ELT Concept #15 – Error Analysis
Azrifah Binte Zakaria
What is it?
Error Analysis is an approach to analyzing learners’ errors in order to understand what types of errors learners make and at what stage of learning a language learners make particular types of errors. Selinker (1972) called this in-between stage of language acquisition ‘interlanguage’ (in Lightbrown & Spada, 2013 p.43).
Error Analysis arose out of the inadequacies of Contrastive Analysis Hypothesis in accounting for learners’ errors. Unlike Contrastive Analysis Hypothesis, which attributes errors to L1 transfer, Error Analysis is descriptive and does not attribute causes for language errors solely to learners’ L1 . There are numerous other factors that can cause learners to produce incorrect language. The target language itself, for example, can be a source of students’ errors. Examples of these intra-lingual errors include “I cannot to go” and “They were go yesterday”.
Why is it important?
Although Error Analysis does not explain why learners make the errors they do, Error Analysis is important as it helps us understand what the common errors students make are and the stages at which they acquire certain syntactic structures. Therefore, as teachers, we should not unreasonably expect our students to acquire something they are not ready for. Additionally, based on an understanding of Error Analysis, we can tweak our teaching to suit the level at which our students are at. An understanding of what language features fossilize can also help us to prevent fossilization at the outset.
Despite Error Analysis showing that there are some common errors learners make regardless of their L1, the idea of L1 transfer is persistent. In Singapore, the idea of subtractive bilingualism is very much present. The decades of the Speak Good English Movement have left its impact on Singaporean students, despite a recent emphasis on code-switching (as opposed to zero-tolerance for Singlish).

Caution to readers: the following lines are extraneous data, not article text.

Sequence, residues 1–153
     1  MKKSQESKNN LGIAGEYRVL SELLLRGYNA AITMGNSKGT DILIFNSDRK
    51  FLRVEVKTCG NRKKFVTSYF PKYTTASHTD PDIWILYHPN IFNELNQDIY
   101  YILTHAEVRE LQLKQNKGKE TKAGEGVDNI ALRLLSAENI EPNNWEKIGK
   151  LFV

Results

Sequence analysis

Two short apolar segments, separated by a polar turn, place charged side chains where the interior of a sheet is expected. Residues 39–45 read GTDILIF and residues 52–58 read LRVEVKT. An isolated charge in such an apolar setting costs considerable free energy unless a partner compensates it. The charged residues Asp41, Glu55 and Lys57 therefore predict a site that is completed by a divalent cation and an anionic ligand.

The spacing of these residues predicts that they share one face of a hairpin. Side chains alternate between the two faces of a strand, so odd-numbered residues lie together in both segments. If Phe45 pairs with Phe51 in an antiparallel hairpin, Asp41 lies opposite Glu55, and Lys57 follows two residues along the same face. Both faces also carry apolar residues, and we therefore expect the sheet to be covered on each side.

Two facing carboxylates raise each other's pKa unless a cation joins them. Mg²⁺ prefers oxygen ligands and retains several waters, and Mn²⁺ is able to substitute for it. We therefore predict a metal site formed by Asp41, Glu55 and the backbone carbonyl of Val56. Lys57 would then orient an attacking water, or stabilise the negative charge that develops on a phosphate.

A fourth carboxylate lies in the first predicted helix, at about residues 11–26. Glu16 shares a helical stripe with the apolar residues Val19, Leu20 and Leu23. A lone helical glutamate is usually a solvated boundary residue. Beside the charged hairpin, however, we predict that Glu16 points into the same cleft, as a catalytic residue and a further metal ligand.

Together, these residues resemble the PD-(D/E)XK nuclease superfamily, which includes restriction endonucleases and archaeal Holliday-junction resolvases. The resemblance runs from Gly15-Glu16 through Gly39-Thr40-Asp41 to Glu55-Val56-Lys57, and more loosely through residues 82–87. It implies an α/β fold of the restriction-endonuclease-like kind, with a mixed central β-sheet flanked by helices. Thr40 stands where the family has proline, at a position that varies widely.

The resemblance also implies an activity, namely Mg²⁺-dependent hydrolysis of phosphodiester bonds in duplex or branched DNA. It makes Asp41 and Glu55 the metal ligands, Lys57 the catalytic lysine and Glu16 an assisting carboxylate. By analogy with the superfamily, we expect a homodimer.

Errors are not seen as the process of student learning, as Error Analysis shows – of developmental sequence, but are due to ‘bad English’ or the influence of Singlish or the various mother tongues. Good English is seen to be an American or British variety – for example, when told to speak formally in class, students often adopt an American accent.
As a teacher, I find that it is a fine balance between correcting students’ errors and trying to get them to the standard that is expected of them as set out in the syllabus. This is especially so as I taught struggling students – Normal (Academic) students. Many of them do not get the kind of input their Express stream counterparts get and, for these students, learning English is rather like learning English as a Second Language.
Upon reflection, I realize that the errors they make are much like the developmental sequence found by Error Analysis. For example, my students had a lot of trouble with the possessive ‘s, as reflected in “most studies [that] showed a higher degree of accuracy for plural –s than for possessive ‘s” (Lightbrown & Spada, 2013, p. 46).
They also had problems with the third singular –s. These features are last on Krashen’s (1982) summary of second language grammatical morpheme acquisition sequence (in Lightbrown & Spada, 2013, p.47). This clearly points to the stage that my students were at. Moving forward, knowing this means that I can take steps to target these errors more systematically, so that I can help my students to the next stage of language acquisition.
Lightbown, P., & Spada, N. M. (2013). How languages are learned. Oxford: Oxford University Press.
ELT Concept #14 – Academic Collocation